Must Precede Anger
Let us examine the verse that states, “The L-RD said to Moses, ‘Now you will see what I shall do to Pharaoh...’ G-d spoke to Moses” (Exodus 6:1-2).
Hashem again spoke to Moses and said to him, “I am the L-RD” (v.2). The Zohar asks why at the beginning is it written, “The L-RD said” (using the Tetragrammaton, which denotes the attribute of mercy), whereas afterwards the Torah states, “G-d spoke to Moses” (using the name Elokim, which denotes the attribute of justice), and then finally the Tetragrammaton is again used (Zohar III:227a, 30b).
The reason for this is because the Torah commands us to “reprove your fellow” (Leviticus 19:17) if we see him behaving improperly (see Erchin 16b). We should do so with great tact by first using soft and gentle language. However if he does not improve his conduct, we should speak to him with a firmer tone, even to the point of shaming him (Rambam, Hilchot De’ot 7:8).
This is also the approach that a father should adopt with respect to his son. Otherwise, he might leave his father’s home and become morally ruined. Similarly Moses, who spoke inappropriately with the King of kings, was first reprimanded according to the attribute of Divine mercy (“the L-RD said”), then more strongly through the attribute of justice (“G-d spoke”).
The Talmud makes the following distinction: “There are four new years: One for kings (the first of Nissan); one for tithes of animals (the first of Elul); one for years, the Shmita and the Jubilee (the first of Tishri); and finally one for trees (the first of Shevat according to the School of Shammai, the fifteenth of Shevat according to the School of Hillel)” (Rosh Hashanah 2a). The Talmud also teaches that the world is judged at four times (ibid. 16a), and that on Rosh Hashanah all creatures appear like a flock of sheep before the Holy One, blessed be He, to be judged, as it is written: “He Who fashions their hearts together, Who comprehends all their deeds” (Psalms 33:15). An obvious question arises: Since the entire world is judged on Rosh Hashanah, why is it necessary to set aside three other times for this as well?
The reason is that man resembles a tree of life, as it is written: “For man is the tree of the field” (Deuteronomy 20:19) Yet following Adam’s sin, which tainted the Tree of Knowledge, all of Creation became tainted. For that matter, this is what brought death into the world. Even the ground was punished for the sin it committed. In fact the Talmud (Yerushalmi Kilayim 1:7) teaches: “Adam, Eve, and the serpent were all judged, but the earth was cursed with them, as it is written: ‘Accused is the ground because of you’ [Genesis 3:17].” Why was it cursed? It is because it broke the Divine command that fruit trees should yield, after their kind, fruit that contained its own seed in the ground (Genesis 1:11). In other words, the earth should have produced trees that were edible and that tasted like the fruits they yielded. However “the earth brought forth … trees yielding fruit” (v.12), and so the earth was also punished, as it is written: “Thorns and thistles shall it sprout for you” (Genesis 3:18).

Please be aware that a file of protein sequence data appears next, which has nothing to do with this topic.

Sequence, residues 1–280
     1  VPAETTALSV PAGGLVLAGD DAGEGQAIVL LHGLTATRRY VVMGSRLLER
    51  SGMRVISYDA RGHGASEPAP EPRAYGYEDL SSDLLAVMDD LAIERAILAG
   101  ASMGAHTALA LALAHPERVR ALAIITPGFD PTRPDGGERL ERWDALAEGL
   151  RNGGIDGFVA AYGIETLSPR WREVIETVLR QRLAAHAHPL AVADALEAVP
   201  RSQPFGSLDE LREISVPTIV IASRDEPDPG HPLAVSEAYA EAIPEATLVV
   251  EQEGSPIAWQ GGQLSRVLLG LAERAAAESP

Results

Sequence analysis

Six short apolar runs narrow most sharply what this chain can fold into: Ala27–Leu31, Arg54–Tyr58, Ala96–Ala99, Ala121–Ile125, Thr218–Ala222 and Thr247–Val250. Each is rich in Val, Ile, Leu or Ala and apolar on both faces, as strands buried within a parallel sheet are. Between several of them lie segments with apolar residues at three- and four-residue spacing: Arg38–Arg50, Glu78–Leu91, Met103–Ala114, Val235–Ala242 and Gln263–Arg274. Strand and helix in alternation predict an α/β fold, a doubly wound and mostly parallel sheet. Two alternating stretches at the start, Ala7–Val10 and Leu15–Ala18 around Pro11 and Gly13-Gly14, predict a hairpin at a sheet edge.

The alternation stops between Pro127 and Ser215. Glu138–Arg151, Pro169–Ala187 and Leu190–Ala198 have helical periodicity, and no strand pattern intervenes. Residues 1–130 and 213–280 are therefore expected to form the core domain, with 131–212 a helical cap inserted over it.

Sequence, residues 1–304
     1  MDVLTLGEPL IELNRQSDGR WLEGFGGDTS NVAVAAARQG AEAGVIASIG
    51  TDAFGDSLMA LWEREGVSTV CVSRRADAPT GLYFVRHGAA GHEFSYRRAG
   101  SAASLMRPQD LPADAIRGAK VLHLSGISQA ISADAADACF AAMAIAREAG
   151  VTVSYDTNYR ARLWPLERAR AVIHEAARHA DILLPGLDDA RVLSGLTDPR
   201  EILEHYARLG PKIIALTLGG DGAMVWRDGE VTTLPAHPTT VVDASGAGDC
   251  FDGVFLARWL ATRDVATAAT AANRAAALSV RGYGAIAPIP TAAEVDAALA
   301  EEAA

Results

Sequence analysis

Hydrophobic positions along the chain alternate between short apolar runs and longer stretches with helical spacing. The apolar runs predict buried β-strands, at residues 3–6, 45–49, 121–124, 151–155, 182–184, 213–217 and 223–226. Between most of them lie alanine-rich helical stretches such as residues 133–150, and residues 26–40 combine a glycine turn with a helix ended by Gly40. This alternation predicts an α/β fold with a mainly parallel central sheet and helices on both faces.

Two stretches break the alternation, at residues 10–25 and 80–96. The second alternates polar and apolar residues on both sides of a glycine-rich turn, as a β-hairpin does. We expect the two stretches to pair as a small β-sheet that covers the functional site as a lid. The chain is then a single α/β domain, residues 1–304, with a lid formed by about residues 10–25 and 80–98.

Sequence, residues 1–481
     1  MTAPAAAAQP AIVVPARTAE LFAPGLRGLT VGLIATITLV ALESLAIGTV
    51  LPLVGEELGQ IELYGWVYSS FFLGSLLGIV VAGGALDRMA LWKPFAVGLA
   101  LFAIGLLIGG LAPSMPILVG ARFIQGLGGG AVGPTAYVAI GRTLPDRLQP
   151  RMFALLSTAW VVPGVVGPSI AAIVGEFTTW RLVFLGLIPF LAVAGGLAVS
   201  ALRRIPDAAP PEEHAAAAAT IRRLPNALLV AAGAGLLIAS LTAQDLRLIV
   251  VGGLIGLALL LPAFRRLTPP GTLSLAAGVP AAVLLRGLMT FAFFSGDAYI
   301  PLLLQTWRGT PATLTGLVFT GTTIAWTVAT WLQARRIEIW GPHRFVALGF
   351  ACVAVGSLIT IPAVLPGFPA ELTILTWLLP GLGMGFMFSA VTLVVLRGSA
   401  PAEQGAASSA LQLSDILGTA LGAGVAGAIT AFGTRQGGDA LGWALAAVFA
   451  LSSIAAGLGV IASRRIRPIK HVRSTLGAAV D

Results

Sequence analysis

If all a man’s needs were to be judged at the same time as he was (on the first of Tishri), they would have no time to “defend” themselves, since all of Creation was tainted after Adam’s sin. In fact, our Sages have taught that the accuser does not become a defender (Berachot 59a), and that there is absolutely no mercy in judgment (Ketubot 84a). Hence it is written, “You save both man and beast, O L-RD” (Psalms 36:7), and so man is saved by the merit of animals [even if they cannot intercede for themselves, just as the earth was punished after Adam’s sin].
This is why our Sages fixed a different date for each of the four types of years, one for each of man’s needs. For example, by consuming the products of the harvest, a man can elevate the sparks of holiness that were scattered in Creation and hasten the Final Redemption of Israel and the advent of Mashiach (see Ohr HaHaim on Genesis 49:9 and Kedushat HaShulchan, where the author discusses this subject at length).
We find an allusion to this in the month of Shevat, when we succeed in repairing the incarnations of fruits: During the new year for trees, we receive good news (the initials of shinitbasser bessorot tovot form the word shevat) by means of our righteous redeemer. Consequently, as we saw above, there exist periods of mercy and periods of strict justice (which is why trees are not judged on the new year that begins in the month of Tishri, the time when man is judged).
Moses asked G-d, “My L-rd, why have You done evil to this people?” (Exodus 5:22), or in other words: “Why do You act towards them with Your attribute of justice?” As Moses phrased it, “From the time I came to Pharaoh to speak in Your Name [the attribute of justice], he did evil to this people” (v.23). G-d told Moses that such was not the case, for the attribute of mercy always follows that of justice. In the final analysis, the attribute of mercy takes precedence over the Children of Israel, and as such they will merit being delivered.